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Skeleton Women by Mingmei Yip

Skeleton Women

 

Skeleton Women by Mingmei Yip

Earlier this year, I had the pleasure of reading Midnight in Peking by Paul French. It was non-fiction and great, but what really stuck with me was the whole cosmopolitan-ness of Peking and other cities in China in the 30’s.  There was this intriguing sometimes blend and other times, complete separateness of Chinese and European culture. It left me wanting to explore more.

Enter TLC Book Tours and Skeleton Women. Here is a bit of the blub that made me say YES!

Once upon a time in China, the most beautiful and gifted women were known as “skeleton women”—the ultimate femme fatales who could bring a man to his knees, or to his doom…
When Camilla, a young orphan girl in Shanghai, is adopted and brought to live in luxury, it seems like a stroke of luck. But as Camilla grows to womanhood, she realizes that her “rescue” was part of gang leader Big Brother Wang’s scheme. Camilla is trained in singing, dancing, knife-throwing and contortion—all to attract the attention of Wang’s enemy, the ruthless Master Lung.

Skeleton Women is a fictional look at that darker side of China in the 1930’s that filled my head with wonder in Midnight in Peking, that separate side and it was a compelling  introduction to the author, Mingmei Yip.

China, in general, baffles me and I have always struggled with reading any fiction set there, even the so-called greats like The Good Earth. The problem isn’t the historical setting in time, so much as my inability to understand the culture and therefore what makes the characters tick.

Skeleton Women’s main character, Camilla, is different though. While still steeped in the period and traditions on China, Yip has written about her in a way that highlights the struggles from a viewpoint that we all share, the slant of what I guess I would call the fundamental questions being human.  What am I here for? Do I have to do what the people that raised me told me to do? What do I owe them? And perhaps most importantly, am I “good enough” to deserve another’s love?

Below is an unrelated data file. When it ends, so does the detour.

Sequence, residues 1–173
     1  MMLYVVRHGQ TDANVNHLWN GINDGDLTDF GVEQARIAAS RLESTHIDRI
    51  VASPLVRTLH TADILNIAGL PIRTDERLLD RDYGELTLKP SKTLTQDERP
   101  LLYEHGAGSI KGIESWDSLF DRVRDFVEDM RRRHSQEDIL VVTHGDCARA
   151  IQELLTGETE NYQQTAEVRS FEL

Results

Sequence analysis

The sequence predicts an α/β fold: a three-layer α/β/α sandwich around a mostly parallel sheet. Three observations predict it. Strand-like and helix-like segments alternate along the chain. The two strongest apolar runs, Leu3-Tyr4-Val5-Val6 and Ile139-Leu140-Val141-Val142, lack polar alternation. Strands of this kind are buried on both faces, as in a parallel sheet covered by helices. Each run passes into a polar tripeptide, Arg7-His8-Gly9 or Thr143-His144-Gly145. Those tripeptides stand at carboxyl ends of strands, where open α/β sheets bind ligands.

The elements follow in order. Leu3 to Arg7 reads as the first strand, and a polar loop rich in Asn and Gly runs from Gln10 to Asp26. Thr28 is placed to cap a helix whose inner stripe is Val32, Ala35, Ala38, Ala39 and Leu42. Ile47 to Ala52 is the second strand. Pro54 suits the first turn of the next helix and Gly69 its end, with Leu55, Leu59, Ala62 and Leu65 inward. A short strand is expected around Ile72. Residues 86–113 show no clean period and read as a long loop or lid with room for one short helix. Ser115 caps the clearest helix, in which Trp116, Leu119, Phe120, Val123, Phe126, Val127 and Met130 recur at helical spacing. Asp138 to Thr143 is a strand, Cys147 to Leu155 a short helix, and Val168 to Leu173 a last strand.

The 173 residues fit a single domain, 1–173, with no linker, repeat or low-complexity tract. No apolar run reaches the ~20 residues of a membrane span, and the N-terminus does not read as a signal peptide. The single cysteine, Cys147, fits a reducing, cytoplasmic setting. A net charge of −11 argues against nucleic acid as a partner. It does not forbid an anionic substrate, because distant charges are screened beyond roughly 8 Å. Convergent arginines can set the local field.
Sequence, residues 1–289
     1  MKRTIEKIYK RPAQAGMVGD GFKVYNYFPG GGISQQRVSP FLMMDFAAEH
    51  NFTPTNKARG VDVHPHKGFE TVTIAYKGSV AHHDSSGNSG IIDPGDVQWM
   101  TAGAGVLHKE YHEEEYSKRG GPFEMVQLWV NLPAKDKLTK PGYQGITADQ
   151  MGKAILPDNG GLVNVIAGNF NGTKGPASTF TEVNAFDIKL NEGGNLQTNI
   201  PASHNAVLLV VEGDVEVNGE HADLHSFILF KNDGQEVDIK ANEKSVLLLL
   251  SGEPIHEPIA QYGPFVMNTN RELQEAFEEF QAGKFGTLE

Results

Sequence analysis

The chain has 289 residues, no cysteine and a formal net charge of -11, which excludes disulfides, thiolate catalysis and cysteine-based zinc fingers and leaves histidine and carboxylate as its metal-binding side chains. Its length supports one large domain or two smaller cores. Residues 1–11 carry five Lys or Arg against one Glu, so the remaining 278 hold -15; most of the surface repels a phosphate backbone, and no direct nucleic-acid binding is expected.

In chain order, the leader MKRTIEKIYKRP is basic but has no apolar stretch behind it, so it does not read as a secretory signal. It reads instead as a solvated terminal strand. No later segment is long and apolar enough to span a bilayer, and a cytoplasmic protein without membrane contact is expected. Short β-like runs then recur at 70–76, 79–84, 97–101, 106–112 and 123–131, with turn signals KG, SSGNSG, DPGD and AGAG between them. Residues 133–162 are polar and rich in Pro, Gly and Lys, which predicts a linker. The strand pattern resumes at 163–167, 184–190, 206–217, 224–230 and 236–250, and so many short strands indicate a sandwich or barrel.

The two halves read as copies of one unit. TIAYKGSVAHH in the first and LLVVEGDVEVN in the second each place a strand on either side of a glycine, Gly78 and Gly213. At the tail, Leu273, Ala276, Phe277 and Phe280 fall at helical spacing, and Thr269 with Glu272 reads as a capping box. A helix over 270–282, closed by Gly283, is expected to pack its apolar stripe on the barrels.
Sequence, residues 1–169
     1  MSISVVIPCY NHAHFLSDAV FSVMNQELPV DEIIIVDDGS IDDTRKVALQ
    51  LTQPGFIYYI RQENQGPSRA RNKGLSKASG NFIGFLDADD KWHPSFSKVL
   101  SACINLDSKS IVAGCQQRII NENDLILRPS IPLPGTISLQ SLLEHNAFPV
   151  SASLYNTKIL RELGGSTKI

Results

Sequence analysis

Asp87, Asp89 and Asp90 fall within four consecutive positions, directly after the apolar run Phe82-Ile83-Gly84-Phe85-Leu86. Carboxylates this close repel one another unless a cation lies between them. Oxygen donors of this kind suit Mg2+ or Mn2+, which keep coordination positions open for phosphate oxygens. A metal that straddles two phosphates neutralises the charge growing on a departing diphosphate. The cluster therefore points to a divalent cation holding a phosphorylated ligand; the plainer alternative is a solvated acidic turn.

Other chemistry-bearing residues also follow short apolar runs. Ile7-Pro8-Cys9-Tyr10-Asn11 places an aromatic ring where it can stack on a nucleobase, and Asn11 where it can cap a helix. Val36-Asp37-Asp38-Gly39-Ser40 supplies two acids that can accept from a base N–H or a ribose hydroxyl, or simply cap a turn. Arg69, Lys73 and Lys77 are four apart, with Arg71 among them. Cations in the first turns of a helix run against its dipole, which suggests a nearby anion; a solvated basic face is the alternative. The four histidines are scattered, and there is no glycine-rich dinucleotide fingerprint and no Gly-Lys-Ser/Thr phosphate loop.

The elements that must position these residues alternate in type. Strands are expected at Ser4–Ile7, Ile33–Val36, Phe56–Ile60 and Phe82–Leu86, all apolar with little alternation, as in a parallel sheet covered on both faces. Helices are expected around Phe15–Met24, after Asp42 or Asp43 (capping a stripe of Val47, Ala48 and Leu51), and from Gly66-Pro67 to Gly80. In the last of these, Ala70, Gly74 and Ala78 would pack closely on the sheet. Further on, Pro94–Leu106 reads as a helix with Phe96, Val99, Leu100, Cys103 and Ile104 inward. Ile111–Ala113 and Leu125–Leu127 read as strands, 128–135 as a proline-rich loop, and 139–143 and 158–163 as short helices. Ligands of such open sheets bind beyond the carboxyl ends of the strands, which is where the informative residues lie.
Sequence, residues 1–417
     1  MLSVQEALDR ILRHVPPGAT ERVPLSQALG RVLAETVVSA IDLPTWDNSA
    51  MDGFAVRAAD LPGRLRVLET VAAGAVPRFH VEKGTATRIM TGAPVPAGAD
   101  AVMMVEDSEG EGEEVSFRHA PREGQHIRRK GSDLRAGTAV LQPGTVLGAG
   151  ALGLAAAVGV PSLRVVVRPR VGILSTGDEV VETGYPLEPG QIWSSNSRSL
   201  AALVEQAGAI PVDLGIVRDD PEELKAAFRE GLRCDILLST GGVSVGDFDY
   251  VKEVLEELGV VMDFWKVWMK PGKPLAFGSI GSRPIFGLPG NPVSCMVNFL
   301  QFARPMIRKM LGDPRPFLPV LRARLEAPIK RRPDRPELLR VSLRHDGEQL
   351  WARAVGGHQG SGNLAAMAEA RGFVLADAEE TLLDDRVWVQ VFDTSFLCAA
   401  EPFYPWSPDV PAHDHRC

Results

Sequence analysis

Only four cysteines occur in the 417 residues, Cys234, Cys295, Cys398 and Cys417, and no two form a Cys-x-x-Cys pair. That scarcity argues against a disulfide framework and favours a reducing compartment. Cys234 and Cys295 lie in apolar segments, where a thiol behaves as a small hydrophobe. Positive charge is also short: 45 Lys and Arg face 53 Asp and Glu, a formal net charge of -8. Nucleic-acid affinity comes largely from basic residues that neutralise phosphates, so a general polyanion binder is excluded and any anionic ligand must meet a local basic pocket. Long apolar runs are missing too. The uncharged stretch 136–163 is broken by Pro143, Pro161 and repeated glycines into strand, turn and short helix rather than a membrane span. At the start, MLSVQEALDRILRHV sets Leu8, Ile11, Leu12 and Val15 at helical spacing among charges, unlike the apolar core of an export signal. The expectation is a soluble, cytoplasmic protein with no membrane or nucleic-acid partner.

Camilla feels trapped in her situation, She was saved from the orphanage, groomed not to have everyday emotions, and trained to become a spy that would catch a rival gangs leader’s  eye in the hope of finding his stash and killing him. Not only does she have to deal with other skeleton women trying to do, what she assumes, the same thing, but she must deal with emotions that she was taught not to feel and desiring things that she never thought to want.

While I am sure that most of us can’t relate to being raised as a sexy spy bent on destroying a rival gang leader, we can relate to grappling new emotions and having qualms about  choosing our own path as opposed to what others want us to do.

I really enjoyed this book on many levels, obviously. While I can’t speak to it’s historical accuracy, I can say that it sucked me into caring about something and someone that I would have bet you I couldn’t before. Yip’s writing was the perfect follow-up to Midnight in Peking and where other books that I have read set in China make me see nothing but how different we are, highlighted how alike we all are and just have different ways of finding our answers to those fundamental questions.

Skeleton Women by MingMei Yip

  • Paperback: 352 pages
  • Publisher: Kensington (May 29, 2012)
  • ISBN-10: 0758273533
  • ISBN-13: 978-0758273536

 

Author’s Website: http://www.mingmeiyip.com/

 

Thanks goes to TLC Book Tours for the opportunity to read this book.